A summary of Dr. Minn’s research over the last nine years conducted under these two BCRP awards was published in two articles in the journal Cell. Using cell culture methods in which ISG-expressing cancer cells are grown with stromal cells (co-culture), the research team discovered that stromal cells released and transferred exosomes to the cancer cells. Exosomes are small vesicles released by cells to communicate with neighboring cells and share several properties with viruses, providing insight into why breast cancer cells mount an anti-viral response upon their transfer. These exosomes were found to contain RNA (exoRNA); specifically, an abundance of non-coding RNA. Non-coding RNA refers to any RNA within a cell that is not used to make a protein; rather, these RNA molecules perform a myriad of other cellular functions including, but not limited to, regulating signaling pathways within cells. Dr. Minn’s group identified that a non-coding RNA called RN7SL1 was the exoRNA responsible for the ability of stromal-derived exosomes to mimic viruses, activate cytoplasmic RNA receptors in breast cancer cells, and induce ISGs. Once activated, this anti-viral signaling promotes tumor growth, metastasis, and treatment resistance. Importantly, blocking key parts of this signaling cascade in animal models of breast cancer using targeted therapies can markedly improve response to therapy.

Dr. Minn provided clinical relevance to the cell culture and mouse work. His team co-cultured triple-negative breast cancer cells with a panel of stromal cells isolated from patients’ breast tumors following surgical resection. Results from genetic analyses confirmed the patient stromal cells were able to activate pro-tumorigenic and ISG signaling pathways within the breast cancer cells. Moreover, harvesting exosomes from the serum of breast cancer patients demonstrated high levels of RN7SL1 in patients with triple-negative tumors.

Results from this study elucidate a novel mechanism of “virus mimicry” by which stromal-tumor cell interactions promote an anti-viral response in breast cancer cells that renders them more aggressive and resistant to treatment. The expression of RN7SL1 in stromal-derived exosomes opens up the possibility that this exoRNA could serve as a potential biomarker from liquid biopsies to predict whether a patient will respond to chemotherapy or radiation treatments. In conjunction with RN7SL1, the presence of ISGs in primary breast tumors could also be used to further predict how a patient will respond to treatment. Beyond the use of biomarkers, this work provides a strong foundation for future studies using targeted therapeutics to resensitize breast tumors to chemotherapy and radiation and ultimately reduce metastatic burden in patients.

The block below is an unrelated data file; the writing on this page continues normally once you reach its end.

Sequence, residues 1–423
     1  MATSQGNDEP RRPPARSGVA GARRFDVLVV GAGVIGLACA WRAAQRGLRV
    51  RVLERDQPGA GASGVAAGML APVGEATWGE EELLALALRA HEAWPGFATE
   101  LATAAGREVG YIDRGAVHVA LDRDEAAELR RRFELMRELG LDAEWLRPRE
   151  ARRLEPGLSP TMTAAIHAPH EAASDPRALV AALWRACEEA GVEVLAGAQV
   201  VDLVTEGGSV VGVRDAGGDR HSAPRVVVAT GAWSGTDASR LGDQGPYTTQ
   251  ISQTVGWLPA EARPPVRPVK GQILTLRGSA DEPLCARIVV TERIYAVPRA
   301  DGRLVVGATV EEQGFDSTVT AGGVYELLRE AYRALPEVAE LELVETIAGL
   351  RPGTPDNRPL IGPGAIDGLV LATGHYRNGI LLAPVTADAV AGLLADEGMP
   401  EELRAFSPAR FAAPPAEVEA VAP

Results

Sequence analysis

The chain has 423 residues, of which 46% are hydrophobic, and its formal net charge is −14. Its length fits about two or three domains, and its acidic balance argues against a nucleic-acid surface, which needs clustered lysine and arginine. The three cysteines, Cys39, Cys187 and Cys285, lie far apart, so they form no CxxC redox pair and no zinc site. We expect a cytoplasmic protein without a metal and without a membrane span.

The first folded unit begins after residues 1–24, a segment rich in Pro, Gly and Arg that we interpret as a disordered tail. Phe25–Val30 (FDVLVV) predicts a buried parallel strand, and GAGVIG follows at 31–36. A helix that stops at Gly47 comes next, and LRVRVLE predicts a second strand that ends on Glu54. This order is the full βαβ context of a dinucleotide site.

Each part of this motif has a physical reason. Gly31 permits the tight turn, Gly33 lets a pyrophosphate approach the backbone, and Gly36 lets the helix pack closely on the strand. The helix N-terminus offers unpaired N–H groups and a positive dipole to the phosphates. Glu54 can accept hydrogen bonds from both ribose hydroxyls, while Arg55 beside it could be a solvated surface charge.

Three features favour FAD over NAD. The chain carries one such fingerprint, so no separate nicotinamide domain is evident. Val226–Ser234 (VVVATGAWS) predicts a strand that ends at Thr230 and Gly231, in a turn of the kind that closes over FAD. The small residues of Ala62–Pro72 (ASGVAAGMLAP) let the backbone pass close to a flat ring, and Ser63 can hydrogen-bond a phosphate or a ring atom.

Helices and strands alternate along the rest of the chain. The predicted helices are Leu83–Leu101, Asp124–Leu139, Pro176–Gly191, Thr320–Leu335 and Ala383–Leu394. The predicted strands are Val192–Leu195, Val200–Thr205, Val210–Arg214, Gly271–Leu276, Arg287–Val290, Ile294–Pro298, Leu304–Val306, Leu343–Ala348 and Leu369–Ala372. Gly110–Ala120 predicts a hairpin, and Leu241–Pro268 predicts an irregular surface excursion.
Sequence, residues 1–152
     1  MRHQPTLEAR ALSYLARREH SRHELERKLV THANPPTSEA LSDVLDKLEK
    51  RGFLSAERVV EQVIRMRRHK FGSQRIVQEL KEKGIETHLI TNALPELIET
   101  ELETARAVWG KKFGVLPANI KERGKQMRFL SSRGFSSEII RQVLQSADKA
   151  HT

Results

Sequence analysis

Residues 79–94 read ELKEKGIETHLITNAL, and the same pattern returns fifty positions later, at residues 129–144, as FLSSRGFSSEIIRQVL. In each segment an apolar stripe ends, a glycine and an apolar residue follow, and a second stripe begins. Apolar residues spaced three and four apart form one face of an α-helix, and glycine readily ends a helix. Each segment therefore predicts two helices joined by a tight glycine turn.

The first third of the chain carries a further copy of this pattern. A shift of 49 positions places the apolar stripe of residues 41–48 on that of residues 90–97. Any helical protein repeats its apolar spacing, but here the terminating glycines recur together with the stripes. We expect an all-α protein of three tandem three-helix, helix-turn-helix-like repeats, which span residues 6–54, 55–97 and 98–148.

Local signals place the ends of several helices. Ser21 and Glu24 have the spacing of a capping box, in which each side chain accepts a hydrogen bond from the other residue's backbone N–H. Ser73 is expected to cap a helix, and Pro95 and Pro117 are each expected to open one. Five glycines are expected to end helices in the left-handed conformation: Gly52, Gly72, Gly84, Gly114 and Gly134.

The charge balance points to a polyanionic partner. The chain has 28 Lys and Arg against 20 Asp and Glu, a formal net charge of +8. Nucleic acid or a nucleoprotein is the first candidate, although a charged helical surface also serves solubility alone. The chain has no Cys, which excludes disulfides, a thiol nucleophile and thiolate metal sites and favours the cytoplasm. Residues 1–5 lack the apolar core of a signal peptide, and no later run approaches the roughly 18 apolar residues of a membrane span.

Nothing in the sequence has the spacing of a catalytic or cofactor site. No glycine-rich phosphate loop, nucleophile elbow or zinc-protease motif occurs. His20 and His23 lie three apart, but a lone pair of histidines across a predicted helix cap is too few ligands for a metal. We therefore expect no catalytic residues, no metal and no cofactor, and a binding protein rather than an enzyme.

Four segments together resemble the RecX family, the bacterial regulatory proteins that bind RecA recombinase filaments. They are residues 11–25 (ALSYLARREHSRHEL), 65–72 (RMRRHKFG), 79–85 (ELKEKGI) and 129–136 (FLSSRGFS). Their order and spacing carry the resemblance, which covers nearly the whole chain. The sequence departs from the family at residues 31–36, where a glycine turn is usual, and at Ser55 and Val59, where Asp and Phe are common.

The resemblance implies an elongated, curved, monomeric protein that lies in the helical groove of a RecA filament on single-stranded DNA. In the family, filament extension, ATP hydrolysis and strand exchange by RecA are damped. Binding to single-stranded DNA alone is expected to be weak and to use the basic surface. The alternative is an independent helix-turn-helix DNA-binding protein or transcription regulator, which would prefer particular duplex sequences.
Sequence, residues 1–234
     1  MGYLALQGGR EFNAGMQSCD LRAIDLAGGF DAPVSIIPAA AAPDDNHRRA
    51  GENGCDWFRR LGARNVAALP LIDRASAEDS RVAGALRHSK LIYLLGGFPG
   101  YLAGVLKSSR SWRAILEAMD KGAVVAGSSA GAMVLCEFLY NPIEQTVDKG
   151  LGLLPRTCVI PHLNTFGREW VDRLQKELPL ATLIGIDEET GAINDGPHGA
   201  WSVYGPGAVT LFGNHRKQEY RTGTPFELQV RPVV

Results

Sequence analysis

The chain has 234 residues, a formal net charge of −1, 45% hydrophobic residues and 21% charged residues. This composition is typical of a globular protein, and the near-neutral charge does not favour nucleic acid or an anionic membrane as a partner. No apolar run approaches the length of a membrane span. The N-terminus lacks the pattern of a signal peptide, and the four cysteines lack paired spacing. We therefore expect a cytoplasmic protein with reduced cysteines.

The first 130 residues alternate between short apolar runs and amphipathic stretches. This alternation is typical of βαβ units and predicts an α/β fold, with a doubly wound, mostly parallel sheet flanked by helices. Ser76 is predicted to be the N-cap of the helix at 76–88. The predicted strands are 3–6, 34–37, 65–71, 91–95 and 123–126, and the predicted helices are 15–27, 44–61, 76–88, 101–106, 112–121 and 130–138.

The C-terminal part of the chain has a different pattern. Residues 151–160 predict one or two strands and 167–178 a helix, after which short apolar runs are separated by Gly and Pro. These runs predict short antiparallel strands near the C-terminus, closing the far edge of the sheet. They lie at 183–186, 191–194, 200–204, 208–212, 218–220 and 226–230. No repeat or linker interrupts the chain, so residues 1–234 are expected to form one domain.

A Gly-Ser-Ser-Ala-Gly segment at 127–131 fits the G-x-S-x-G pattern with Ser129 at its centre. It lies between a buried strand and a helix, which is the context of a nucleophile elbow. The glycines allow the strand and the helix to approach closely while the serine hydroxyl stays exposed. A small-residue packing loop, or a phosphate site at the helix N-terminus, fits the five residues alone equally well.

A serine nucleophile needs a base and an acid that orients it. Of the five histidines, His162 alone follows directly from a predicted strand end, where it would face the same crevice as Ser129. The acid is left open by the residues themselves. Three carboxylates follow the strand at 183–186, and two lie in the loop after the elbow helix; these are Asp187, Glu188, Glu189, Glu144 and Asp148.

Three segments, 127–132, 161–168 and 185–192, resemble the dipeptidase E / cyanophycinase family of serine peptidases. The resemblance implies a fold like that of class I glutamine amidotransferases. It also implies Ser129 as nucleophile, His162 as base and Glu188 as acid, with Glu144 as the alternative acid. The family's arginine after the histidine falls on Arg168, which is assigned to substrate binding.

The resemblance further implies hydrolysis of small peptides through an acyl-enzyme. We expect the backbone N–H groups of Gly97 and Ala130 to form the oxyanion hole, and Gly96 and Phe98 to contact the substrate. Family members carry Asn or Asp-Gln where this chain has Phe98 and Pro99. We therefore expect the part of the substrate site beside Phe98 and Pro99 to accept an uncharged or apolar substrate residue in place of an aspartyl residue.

Fibroblast Exosomes
Fibroblast Exosomes.
Graphic used with the permission of Dr. Andy Minn and the University of Pennsylvania.

Publications:

Boelens MC, Wu TJ, Nabet BY, Xu B, Qiu Y, Yoon T, Azzam DJ, Twyman-Saint Victor C, Wiemann BZ, Ishwaran H, Ter Brugge PJ, Jonkers J, Slingerland J, Minn AJ. 2014. Exosome transfer from stromal to breast cancer cells regulates therapy resistance pathways. Cell 159: 499-413.

Nabet BY, Qiu Y, Shabason JE, Wu TJ, Yoon T, Kim BC, Benci JL, DeMichele AM, Tchou J, Marcotrigiano J, and Minn AJ. 2017. Exosome RNA unshielding couples stromal activation to pattern recognition receptor signaling in cancer. Cell 170: 352-366.

Links:

Public and Technical Abstracts (FY13 Breakthrough Funding Level 2 Award): Targeting Antiviral and NOTCH3 Pathways to Inhibit Stroma-Mediated Treatment Resistance

Public and Technical Abstracts (FY08 Era of Hope Scholar Award): Mechanisms and Treatment of Oligometastases

https://www.youtube.com/watch?v=tyQPjwDXazs

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Last updated Friday, November 24, 2017